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Investec makes it possible for Amherst Primary School to launch a Breakfast Club

Tuesday 01 October 2013

Investec makes it possible for Amherst Primary School to launch a Breakfast Club
A breakfast club has been launched at Amherst Primary School, thanks to funding and hands-on support from Investec Specialist Bank.

A breakfast club has been launched at Amherst Primary School, thanks to funding and hands-on support from Investec Specialist Bank.

The pilot scheme – running on Thursdays and Fridays – enables up to 30 children to receive a healthy breakfast in the classroom before lessons begin.

It is hoped that the scheme will eventually be extended to more children and over a greater number of days.

‘Research has shown that children who come to school having eaten breakfast concentrate better for longer and that can only be a good thing in helping us to raise standards,’ said Tracey Moore, head teacher at Amherst Primary School.

‘We did a survey at the school and found that a number of children were coming in without breakfast, for a number of reasons. As a health-promoting school we felt it was an area we could develop and Investec have been fantastic in not only part-funding the scheme but also providing members of staff to help give out the breakfasts. We would struggle on our own so their help is so important.’

The pilot scheme launched this term is catering for a cross-section of the school, from reception to year six.

Two members of staff from Investec ensure that the children’s cereal bowls and juice cups are filled up and the bank meets half the cost, along with parents.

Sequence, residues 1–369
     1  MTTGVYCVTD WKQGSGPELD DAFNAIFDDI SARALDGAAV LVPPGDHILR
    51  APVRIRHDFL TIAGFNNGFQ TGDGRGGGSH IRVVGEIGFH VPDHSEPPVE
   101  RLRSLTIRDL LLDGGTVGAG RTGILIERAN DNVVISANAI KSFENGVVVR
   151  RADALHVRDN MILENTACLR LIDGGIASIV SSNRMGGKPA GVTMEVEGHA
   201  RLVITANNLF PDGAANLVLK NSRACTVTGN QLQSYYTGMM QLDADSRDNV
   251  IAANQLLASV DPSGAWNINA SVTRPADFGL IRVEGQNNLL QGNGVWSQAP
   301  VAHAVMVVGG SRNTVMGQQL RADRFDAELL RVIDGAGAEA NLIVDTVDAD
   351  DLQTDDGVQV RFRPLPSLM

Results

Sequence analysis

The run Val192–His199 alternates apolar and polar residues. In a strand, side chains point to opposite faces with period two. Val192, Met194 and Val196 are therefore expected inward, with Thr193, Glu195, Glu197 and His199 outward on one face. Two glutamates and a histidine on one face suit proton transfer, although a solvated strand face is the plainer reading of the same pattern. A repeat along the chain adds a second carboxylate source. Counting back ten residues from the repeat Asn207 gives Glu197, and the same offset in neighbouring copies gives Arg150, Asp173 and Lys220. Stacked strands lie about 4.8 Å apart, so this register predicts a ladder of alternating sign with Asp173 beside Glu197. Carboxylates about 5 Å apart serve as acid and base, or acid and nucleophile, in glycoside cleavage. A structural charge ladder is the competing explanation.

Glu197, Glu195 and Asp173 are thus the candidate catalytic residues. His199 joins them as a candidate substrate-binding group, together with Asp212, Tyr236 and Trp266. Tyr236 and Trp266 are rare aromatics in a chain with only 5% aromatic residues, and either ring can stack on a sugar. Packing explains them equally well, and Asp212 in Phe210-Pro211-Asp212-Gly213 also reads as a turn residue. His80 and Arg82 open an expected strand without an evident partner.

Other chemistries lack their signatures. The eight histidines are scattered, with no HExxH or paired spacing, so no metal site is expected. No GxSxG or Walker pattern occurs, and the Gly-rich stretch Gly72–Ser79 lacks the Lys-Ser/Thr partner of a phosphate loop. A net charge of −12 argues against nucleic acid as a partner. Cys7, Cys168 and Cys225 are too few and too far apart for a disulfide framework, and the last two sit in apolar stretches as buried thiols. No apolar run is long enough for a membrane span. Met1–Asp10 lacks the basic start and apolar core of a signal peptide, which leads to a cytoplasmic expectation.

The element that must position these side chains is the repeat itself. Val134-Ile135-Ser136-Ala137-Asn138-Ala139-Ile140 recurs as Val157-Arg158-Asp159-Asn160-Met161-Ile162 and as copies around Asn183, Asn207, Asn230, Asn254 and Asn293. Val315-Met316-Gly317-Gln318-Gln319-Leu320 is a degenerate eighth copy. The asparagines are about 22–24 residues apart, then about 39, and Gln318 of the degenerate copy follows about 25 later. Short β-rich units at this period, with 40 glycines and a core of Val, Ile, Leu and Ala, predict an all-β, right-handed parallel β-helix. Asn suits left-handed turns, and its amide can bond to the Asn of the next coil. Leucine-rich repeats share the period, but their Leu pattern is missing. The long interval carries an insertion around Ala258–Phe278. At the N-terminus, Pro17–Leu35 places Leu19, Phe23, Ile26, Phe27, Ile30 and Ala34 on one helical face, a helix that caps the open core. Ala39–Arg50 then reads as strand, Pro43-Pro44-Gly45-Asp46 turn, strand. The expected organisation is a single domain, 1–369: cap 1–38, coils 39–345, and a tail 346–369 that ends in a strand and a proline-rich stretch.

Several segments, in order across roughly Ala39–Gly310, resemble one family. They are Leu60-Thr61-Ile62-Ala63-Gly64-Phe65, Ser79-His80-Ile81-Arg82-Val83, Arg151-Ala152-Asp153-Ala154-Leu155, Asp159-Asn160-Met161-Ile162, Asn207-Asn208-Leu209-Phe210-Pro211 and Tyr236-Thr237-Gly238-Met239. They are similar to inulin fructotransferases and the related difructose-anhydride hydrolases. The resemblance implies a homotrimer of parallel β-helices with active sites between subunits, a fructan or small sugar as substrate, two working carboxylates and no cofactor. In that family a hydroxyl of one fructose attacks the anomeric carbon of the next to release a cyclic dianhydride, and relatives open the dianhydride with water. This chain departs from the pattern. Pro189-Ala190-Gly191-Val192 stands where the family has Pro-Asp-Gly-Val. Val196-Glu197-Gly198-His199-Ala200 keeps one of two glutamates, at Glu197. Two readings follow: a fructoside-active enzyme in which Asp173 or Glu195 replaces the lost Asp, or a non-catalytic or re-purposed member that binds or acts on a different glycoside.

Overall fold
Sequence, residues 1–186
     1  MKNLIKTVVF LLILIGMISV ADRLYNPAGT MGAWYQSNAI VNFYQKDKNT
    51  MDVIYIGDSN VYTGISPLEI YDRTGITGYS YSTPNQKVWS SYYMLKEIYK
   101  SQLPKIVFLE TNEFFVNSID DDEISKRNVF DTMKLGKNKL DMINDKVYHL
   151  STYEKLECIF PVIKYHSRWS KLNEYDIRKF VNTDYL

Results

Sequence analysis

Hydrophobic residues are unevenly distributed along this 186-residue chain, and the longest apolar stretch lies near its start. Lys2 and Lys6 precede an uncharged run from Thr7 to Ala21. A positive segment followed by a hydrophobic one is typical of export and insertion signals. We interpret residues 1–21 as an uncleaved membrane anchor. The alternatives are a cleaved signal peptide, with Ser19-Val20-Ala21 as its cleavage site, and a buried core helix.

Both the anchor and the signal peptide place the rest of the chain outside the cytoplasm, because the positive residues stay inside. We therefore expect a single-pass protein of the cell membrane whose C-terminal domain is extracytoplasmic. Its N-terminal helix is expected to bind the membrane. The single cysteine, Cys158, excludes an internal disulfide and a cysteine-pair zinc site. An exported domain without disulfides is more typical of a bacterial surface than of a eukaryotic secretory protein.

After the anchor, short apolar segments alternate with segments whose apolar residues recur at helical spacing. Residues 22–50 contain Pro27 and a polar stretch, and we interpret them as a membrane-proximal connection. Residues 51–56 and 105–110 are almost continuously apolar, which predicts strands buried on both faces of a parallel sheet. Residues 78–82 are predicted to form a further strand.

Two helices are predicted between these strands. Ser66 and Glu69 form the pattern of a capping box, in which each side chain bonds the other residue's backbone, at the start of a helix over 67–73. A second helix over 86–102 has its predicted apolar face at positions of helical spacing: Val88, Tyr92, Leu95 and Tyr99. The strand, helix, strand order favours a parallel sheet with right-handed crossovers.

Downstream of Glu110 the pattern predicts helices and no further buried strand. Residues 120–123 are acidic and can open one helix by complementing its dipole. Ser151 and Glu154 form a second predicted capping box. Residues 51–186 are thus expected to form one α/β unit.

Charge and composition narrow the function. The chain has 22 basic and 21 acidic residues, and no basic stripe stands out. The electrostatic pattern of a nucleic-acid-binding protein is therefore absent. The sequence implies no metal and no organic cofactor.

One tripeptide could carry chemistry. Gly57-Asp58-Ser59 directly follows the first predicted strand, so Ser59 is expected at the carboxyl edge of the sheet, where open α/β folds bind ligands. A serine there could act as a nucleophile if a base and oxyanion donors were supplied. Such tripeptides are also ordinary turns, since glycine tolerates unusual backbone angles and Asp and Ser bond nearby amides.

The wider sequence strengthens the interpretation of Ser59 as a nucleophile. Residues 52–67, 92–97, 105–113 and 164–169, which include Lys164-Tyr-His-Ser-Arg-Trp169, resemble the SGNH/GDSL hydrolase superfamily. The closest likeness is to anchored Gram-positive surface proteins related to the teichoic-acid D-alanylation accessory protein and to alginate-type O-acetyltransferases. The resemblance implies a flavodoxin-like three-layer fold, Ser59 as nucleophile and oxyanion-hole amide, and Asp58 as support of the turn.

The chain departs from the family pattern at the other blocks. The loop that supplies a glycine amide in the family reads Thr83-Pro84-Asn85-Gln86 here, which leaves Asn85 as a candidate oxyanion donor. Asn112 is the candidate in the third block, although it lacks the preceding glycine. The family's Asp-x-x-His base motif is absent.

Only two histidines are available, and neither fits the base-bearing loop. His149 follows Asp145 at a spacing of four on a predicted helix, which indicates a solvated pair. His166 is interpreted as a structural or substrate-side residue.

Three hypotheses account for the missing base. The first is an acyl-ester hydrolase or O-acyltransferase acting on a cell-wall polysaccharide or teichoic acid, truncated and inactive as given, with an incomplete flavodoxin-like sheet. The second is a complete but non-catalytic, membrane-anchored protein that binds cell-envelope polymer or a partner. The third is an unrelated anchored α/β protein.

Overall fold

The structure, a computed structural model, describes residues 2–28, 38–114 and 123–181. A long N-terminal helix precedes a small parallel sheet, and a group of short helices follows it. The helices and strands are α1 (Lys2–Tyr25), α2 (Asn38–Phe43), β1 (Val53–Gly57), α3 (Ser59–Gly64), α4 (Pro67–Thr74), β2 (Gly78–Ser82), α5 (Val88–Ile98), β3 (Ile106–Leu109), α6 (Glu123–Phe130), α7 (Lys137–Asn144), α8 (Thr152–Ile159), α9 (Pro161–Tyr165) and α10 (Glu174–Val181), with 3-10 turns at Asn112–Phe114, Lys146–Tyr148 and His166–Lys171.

‘Something as simple as having breakfast can make all the difference to a child’s ability to learn and we recognised that we could help in this area at Amherst Primary School, where our staff already have a close relationship with the staff and children,’ said Stephen Henry, head of Investec Bank (Channel Islands) Limited. He thanked Tony Rowbotham, managing director at Montagu Evans, who has donated two of his parking spaces each week to Investec staff helping out at the Breakfast Club.

Children at the first session of the club gave it the thumbs up.

Many said the reason they came to school without breakfast was a lack of time in a morning.

Lewis aged six, said: ‘I don’t have time to have breakfast at home, it’s always a big rush.’

Levi, aged eight, agreed.

‘I really like having my breakfast at school, they have my favourite – Rice Krispies,’ he said.

Parents of children attending the Breakfast Club pay 25p a day, with Investec covering the rest from the funds raised through their charitable activities such as the recent Three Peaks Challenge, cake sales and raffles.

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